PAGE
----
I had a different post in mind for today. It was all set to go in my head, but when I woke up to the news of a mass shooting, an act of terrorism really, in an Orlando nightclub, those words flew out of my head.
I was stunned and saddened at the news… but not shocked. It seems like this is what we do now. When we don’t agree with another, when their lifestyle offends our sensibilities, when they pray to a different god than we do, when we need someone to blame, we stop seeing the other as human and start seeing their deaths as the answer to the problem we’ve created in our own minds.
I say “we” here because this seed is in all of us. We are all capable of dehumanizing another, ignoring atrocity, allowing sweeping generalizations to cloud compassion, understanding, or even good common sense.
When we don’t watch our words, we feed that seed inside of us.
It happens on social media, where pithy hash tags or click bait incites our outrage.
It’s happening in the US presidential election in a huge way, where any sense of civility or dialogue is seen as weakness rather than the sign of rational adulthood.
It happens in how we talk about sports teams, refugees, the people who live on the other side of town, the people who live in “the flyover states,” the people who we don’t quite understand, or when own lack of understanding makes us afraid and our fear makes us angry.
Our words matter. Can you disagree with someone without calling them an idiot? Do you laugh at jokes about “taking out” a political candidate? Have you shared an inflammatory post on Facebook that generates indignation in your heart without first investigating the accuracy of what’s presented? Have you just stopped considering there might be another side to the story?
I have done all of these things. I suspect most of us have at one point or another.
It has to stop.
This blindness to the humanity in others, this inability to disagree without shutting down, this intolerance for difference is killing us, one mass shooting at a time, one drive-by shooting at a time, one campus rape at a time, one drowned refugee at a time.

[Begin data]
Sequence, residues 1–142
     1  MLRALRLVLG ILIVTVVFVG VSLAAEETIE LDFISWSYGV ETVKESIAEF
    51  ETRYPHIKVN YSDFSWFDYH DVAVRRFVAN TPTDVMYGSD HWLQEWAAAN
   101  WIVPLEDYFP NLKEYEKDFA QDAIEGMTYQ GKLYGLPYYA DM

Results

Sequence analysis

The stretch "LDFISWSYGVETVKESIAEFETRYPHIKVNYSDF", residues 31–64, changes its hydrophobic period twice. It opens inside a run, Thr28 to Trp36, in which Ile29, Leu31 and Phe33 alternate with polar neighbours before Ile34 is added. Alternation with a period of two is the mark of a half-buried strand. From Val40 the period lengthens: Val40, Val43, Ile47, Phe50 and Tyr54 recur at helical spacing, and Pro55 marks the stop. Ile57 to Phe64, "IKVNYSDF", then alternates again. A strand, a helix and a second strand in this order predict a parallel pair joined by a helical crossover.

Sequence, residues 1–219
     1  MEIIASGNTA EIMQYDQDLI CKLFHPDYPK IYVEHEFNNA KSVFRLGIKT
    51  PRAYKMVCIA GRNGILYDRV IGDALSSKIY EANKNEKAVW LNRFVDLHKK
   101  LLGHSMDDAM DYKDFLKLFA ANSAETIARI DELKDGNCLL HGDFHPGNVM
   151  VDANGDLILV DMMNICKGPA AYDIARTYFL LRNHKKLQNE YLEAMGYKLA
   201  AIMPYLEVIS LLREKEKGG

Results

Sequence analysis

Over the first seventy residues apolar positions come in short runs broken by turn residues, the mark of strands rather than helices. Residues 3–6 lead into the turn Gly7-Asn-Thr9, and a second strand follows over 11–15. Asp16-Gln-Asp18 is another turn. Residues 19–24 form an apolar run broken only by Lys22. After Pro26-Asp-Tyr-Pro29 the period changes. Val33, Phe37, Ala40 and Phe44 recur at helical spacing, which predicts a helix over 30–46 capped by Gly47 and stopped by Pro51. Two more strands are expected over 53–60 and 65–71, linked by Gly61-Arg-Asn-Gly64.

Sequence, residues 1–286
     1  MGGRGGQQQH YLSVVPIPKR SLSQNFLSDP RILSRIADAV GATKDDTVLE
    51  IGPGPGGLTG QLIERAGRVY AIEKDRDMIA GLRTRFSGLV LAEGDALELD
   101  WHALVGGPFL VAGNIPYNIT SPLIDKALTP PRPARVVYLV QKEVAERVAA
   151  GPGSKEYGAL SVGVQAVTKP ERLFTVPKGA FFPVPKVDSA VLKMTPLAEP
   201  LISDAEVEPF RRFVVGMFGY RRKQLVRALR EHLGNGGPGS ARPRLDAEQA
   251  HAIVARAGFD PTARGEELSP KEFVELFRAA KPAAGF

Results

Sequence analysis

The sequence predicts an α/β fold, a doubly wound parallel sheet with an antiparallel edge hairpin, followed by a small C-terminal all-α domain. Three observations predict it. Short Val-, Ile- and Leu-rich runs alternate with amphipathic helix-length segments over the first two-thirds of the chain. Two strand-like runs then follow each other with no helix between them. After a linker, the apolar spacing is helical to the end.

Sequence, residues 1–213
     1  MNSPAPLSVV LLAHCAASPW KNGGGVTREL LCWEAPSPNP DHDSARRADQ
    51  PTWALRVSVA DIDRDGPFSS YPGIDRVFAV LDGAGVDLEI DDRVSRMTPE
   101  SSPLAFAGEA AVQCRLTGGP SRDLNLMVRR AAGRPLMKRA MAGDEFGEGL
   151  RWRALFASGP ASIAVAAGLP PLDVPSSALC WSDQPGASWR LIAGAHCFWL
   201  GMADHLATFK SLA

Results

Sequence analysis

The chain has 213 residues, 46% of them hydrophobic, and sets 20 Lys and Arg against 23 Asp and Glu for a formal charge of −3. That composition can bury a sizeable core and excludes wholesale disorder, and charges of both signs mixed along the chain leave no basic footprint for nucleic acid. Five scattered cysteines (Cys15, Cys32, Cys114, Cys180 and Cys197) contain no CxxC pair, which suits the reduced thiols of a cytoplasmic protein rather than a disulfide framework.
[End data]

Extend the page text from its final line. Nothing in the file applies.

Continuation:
We can change this, but it’s our own hearts that need changing first.
Watch your words, especially your internal dialogue. Observe your reactions to news stories or social media posts. Challenge yourself to at least consider other viewpoints. You don’t have to adopt those views, but a healthy mind can see an issue from many perspectives.
Watch your words, especially in front of kids. How you talk back to the radio in the car, your conversations about politics at the backyard BBQ where everyone looks and votes the same, your refusal to stand up against small injustices are all being observed by your kids. And your words will teach them more about right and wrong than anything they’ll learn in Sunday School.
Watch your words, especially in community. It’s ironic that with the vast network of the internet, endless media sources and the ability to move freely around our world, we’ve become more isolated than ever. We tend to hang out only with people we agree with, who make us comfortable, who don’t challenge our point of view. We only watch MSNBC or FOX. We stay on our side of town. Community should be about working and living together with a variety of people, becoming stronger as a group because of our diversity, not flocking together with birds of our same feather.
Words matter. Words form the boundaries of our thinking and the size of our hearts. Words inflame and words connect.
Please, let us all choose the words that ennoble and enliven, rather than those that make us feel safe and vindicated. Please, let us rediscover the tough art of dialogue and the fine art of not rushing to an opinion before we’ve thought things through. Please, let us remember that behind the eyes of The Other is another human, flawed, hurting and confused… just like we are.
Photo of an African proverb,
translated into German and English,
graffitied on to a remaining bit of the Berlin Wall,
taken by me in April 2015.